There are also two combinations with the Function key that are really useful. The Yoga 700 has a display mode called "Paper Display." You enable it by pressing the Fn and Esc buttons, adding a bit of yellowish warmth to the display color temperature to make reading easier and less straining on the eyes.
Pressing the Fn key with spacebar turns on the keyboard light. I wish the brightness was adjustable, but it's either on or off.
The trackpad is spacious, with enough space to easily get the cursor from one end of the screen to the other. However, scrolling on the Lenovo Yoga 700 isn't very reliable. Depending on what apps are open, scrolling is either too fast, too slow, or just not right. I'm also annoyed that I can't tap with two fingers to simulate a right-click. Clicking with two fingers works, so it isn't a huge deal, but I'm confused why tapping with two fingers does not work.
The Lenovo Yoga 700 comes with Windows 10 Home. It also comes with several pre-installed apps from Lenovo and other manufacturers. McAfee, in particular, is one of the first things I had to uninstall. It kept popping up telling me the device isn't fully protected, and that I had to buy a subscription. Uninstalling McAfee automatically re-enables the built-in Windows Defender to protect the PC.It should be noted, however, that McAfee is opt-in when purchasing direct from Lenovo.
Other pre-installed software include Lenovo Companion, Lenovo Settings, Lenovo ID, Lenovo Photo Master, REACHit, SHAREit, and Dolby Audio. I didn't care for them and they served as a reminder for why I prefer to buy my PCs as bloatware-free Signature Editions from the Microsoft Store.
The Lenovo Companion and Settings apps are where I've discovered some of this laptop's unique features. For example, enabling Battery Stretch will lower the screen brightness, decrease the CPU speed, turn off the optical drive, turn off the keyboard backlight, and mute audio. You can also turn a Yoga 700 connected to an Ethernet cable into a Wi-Fi hotspot for other devices.
The Lenovo Companion app can run a hardware scan for the PC or check for Lenovo's own updates. By default, it pins a button in the task bar for one-click scanning. I didn't like that, but it's easy enough to unpin and be done with it.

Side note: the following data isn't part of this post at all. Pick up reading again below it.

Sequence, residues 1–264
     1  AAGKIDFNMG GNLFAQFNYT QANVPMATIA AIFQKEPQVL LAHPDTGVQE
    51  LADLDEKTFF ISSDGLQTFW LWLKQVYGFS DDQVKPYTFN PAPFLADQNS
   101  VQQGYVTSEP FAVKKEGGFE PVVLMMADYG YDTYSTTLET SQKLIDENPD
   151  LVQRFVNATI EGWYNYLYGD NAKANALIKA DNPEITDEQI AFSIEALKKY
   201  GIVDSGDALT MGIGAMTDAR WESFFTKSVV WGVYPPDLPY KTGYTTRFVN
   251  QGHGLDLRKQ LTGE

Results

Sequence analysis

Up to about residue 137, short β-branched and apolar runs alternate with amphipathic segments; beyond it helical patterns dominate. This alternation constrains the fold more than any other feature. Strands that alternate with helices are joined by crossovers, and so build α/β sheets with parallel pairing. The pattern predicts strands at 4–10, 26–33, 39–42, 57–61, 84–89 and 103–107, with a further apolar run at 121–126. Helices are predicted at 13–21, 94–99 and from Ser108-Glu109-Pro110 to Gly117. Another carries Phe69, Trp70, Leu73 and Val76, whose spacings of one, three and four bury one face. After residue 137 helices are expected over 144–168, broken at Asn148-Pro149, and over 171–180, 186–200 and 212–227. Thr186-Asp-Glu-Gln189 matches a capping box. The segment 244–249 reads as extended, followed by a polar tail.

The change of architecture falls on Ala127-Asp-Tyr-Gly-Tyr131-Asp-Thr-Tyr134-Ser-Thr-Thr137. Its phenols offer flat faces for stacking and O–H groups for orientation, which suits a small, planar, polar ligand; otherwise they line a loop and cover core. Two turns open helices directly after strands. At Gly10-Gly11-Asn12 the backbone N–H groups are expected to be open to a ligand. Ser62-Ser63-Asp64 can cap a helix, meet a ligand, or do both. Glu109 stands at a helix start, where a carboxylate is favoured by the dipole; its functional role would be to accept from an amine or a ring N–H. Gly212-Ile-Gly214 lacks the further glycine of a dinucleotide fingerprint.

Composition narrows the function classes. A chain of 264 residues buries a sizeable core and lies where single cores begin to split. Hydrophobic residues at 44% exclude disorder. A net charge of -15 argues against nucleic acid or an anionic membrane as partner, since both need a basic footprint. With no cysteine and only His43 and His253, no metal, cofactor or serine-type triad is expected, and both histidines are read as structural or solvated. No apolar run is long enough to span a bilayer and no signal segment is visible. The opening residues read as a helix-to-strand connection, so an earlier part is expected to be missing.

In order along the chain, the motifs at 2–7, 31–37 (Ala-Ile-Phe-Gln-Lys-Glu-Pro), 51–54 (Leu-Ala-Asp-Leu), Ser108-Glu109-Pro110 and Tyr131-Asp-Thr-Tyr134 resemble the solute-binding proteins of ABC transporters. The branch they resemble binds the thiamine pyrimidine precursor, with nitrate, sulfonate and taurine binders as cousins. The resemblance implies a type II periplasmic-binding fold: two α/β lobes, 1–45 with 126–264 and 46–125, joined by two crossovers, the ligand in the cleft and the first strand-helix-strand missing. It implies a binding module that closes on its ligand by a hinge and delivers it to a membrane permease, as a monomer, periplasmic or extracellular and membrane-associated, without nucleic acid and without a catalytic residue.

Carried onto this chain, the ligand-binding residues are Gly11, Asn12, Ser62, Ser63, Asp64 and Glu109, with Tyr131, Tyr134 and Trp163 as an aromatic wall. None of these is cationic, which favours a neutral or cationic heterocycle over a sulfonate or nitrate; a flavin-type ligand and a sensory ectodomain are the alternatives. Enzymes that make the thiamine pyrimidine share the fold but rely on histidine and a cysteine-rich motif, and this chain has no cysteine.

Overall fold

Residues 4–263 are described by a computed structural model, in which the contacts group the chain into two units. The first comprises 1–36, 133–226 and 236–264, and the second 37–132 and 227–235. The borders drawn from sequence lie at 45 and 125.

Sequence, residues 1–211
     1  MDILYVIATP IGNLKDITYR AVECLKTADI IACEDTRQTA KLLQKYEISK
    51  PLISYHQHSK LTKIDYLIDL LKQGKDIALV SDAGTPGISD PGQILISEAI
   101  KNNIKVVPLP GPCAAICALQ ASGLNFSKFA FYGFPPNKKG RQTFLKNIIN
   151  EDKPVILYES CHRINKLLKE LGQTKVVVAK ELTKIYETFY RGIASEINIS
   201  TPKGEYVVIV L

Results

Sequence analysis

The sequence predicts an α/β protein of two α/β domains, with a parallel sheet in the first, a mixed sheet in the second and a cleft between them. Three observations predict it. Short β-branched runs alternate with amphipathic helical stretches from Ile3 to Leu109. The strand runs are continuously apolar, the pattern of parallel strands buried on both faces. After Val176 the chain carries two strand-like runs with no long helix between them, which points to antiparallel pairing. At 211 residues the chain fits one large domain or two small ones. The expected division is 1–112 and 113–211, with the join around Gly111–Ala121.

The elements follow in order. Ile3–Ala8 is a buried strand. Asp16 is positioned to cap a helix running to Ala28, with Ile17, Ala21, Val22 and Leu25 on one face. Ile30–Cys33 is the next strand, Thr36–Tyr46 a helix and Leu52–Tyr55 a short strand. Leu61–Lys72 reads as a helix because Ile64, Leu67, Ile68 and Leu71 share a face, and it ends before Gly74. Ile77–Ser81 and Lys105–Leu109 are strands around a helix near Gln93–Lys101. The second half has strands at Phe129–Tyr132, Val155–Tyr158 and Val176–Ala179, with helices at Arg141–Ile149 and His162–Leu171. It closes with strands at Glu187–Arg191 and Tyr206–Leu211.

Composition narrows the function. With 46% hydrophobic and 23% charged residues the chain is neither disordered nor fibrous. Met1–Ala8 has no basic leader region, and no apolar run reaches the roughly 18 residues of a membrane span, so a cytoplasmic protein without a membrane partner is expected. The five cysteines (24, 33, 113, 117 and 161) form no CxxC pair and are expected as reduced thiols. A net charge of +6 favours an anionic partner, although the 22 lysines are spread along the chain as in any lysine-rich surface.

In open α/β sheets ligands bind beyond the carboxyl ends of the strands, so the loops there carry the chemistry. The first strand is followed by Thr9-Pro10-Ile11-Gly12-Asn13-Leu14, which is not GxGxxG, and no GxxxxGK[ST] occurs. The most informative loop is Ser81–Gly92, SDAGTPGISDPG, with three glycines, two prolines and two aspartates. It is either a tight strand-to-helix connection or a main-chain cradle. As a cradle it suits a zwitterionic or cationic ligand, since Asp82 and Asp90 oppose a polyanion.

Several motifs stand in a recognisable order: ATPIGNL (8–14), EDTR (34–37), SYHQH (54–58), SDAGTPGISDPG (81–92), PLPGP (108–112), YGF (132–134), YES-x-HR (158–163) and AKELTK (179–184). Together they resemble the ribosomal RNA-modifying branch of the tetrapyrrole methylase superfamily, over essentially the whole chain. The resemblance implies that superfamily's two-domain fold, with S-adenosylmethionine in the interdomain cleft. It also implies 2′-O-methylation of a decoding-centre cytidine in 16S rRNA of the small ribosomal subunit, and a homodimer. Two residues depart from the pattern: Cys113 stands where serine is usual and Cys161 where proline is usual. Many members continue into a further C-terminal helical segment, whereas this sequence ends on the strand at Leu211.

When it comes to performance, I don't notice the Yoga 700 struggling with basic tasks such as opening emails, browsing the web, watching Netflix, and writing documents on Microsoft Word, nor would I with an Intel Core i5 Skylake processor inside. I also ran some heavier apps like Adobe's Photoshop and didn't notice any issues. However, I did have a problem using Lightroom. I had to disable using the graphics processor in Lightroom's preferences in order to edit images. Perhaps a driver update for Intel HD Graphics 520 can fix this issue, but it's an odd one to see.
Another issue is that I constantly hear popping sounds from the speakers. This happens when playing a video and scrolling at the same time in Microsoft Edge. I also hear the popping sounds when playing games.
I don't play often, but I can tell you right now that the Lenovo Yoga 700 isn't a gamer device. I notice skipped frames even with games that aren't too demanding. The popping sounds from the speakers are noticeable too. Take, for example, Despicable Me: Minion Rush from the Windows Store, which gets noticeably laggy on the Yoga 700. Other games like Halo: Spartan Strike and Hitman Go seem to work fine, though.
For those who are looking for numbers, our Lenovo Yoga 700 scored 2675 on Geekbench 3 for single-core and 5818 for multi-core.
The Lenovo Yoga 700 has a 45 WHr battery. Lenovo advertises up to 7 hours of battery life, but my typical usage gave me about 5-6 hours. Your results may vary depending on what apps or games you use, but don't expect for the Yoga 700 to last you all day and all night.
So what's the verdict on the Lenovo Yoga 700? There's not a lot to complain about the hardware. Even though the hinge isn't as beautiful as the one found on the higher-end Yoga 900, I like that I can position it any way I want. For example, I prefer to use it in Tent mode when watching Netflix. The soft-touch material of the laptop also feels nice to touch, and I'm a fan of the all-black color scheme.
Unfortunately, my overall experience with the Yoga 700 makes it hard for me to recommend the convertible laptop. The issues with the popping sounds from the speakers are quite annoying, and the unpredictable trackpad is frustrating. Maybe these issues will be fixed with a firmware update, but for now, I suggest looking at another device.